Press room, NAFSA, Mar 12, 2007
WASHINGTON, March 12, 2007 – The Senator Paul Simon Study Abroad Foundation Act of 2007... proposes the creation of an innovative public-private partnership to dramatically increase the number of American college students who study abroad. It specifically cites the foreign policy challenges facing the United States as a central reason for the need to expand Americans’ knowledge of other cultures and foreign languages, and it focuses particular attention on encouraging more students to study abroad in nontraditional destinations, especially in the developing world.
...The Senator Paul Simon Study Abroad Foundation Act would create an independent entity to administer a national study abroad program, taking a unique approach that would give the program the flexibility necessary to accomplish its ambitious mandate: that at least one million U.S. undergraduate students will study abroad annually in ten years’ time, and that study abroad opportunities will become more diverse in terms of participants, fields of study, and destinations, especially in the developing world. In addition to providing a pool of direct scholarships, the program would encourage higher education institutions to address the on-campus factors that most heavily impact study abroad participation – curriculum, faculty involvement, institutional leadership, programming – by making a commitment to institutional reform a prerequisite for access to federal funds....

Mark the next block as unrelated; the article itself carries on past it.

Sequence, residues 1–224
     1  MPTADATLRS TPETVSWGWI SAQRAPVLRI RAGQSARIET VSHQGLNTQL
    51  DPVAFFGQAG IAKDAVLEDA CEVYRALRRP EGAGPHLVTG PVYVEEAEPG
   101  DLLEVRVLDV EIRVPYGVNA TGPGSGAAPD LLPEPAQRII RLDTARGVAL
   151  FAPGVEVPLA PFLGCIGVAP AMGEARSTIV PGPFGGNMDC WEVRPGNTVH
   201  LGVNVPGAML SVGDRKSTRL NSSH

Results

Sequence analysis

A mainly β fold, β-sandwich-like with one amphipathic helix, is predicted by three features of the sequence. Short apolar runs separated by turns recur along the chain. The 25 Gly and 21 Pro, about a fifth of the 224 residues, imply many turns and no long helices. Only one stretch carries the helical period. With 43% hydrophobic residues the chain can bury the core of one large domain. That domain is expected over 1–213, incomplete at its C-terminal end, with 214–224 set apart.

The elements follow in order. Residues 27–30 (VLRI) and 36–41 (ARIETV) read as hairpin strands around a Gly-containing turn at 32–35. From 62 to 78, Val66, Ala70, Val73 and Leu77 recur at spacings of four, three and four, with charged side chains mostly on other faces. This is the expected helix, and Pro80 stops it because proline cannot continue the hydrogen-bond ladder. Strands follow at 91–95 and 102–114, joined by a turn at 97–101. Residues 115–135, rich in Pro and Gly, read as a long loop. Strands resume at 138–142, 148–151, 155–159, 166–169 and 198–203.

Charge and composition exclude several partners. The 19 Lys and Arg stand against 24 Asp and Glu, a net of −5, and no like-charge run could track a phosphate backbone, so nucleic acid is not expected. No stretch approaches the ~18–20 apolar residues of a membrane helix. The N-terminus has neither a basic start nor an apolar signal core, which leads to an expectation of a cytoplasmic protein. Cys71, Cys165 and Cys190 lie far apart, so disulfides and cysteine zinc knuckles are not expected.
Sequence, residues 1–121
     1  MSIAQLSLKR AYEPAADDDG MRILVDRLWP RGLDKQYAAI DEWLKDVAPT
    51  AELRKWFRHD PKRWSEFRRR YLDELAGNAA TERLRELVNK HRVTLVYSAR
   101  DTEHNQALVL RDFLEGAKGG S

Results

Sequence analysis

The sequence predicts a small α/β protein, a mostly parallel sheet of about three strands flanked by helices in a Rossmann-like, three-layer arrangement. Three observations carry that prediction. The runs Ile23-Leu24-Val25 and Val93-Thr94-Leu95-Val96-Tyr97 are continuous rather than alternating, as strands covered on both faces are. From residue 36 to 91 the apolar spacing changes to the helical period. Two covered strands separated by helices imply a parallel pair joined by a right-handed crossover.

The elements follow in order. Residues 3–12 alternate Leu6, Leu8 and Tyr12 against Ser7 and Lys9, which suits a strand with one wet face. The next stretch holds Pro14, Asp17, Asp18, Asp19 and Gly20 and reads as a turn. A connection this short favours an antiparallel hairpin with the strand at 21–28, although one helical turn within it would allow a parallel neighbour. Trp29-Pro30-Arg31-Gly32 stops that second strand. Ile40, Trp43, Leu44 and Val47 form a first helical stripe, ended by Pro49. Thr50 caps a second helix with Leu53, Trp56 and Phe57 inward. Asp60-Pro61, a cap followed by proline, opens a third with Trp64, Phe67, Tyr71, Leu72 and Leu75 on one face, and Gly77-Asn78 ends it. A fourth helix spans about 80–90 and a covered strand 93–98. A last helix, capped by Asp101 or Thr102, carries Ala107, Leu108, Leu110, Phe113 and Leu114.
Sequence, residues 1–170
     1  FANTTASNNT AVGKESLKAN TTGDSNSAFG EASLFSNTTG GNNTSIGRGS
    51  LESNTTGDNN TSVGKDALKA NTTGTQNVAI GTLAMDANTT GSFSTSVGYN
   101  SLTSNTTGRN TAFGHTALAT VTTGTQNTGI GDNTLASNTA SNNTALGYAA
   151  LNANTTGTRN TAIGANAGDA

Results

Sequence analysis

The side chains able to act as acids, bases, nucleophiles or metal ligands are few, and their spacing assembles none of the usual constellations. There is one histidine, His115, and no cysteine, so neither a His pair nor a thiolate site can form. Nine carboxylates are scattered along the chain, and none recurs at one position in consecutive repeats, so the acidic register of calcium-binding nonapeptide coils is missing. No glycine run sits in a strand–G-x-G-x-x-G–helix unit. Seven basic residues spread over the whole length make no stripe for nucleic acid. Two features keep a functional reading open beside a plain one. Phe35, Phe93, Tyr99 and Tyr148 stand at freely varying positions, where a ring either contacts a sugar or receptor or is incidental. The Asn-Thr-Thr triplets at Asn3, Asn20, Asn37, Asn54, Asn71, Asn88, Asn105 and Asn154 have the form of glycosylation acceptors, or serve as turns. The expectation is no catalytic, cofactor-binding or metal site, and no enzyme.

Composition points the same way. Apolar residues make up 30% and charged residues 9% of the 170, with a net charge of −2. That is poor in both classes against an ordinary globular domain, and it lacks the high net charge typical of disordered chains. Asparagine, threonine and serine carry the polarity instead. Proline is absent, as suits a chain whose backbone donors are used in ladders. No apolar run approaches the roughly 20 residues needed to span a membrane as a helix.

...Today, only about one percent of U.S. college undergraduates have studied abroad, despite opinion polls that indicate that more than three-quarters of Americans believe it is important to do so and a rising chorus of business, education, and government leaders concerned about Americans’ lack of preparedness in engaging and communicating with the world.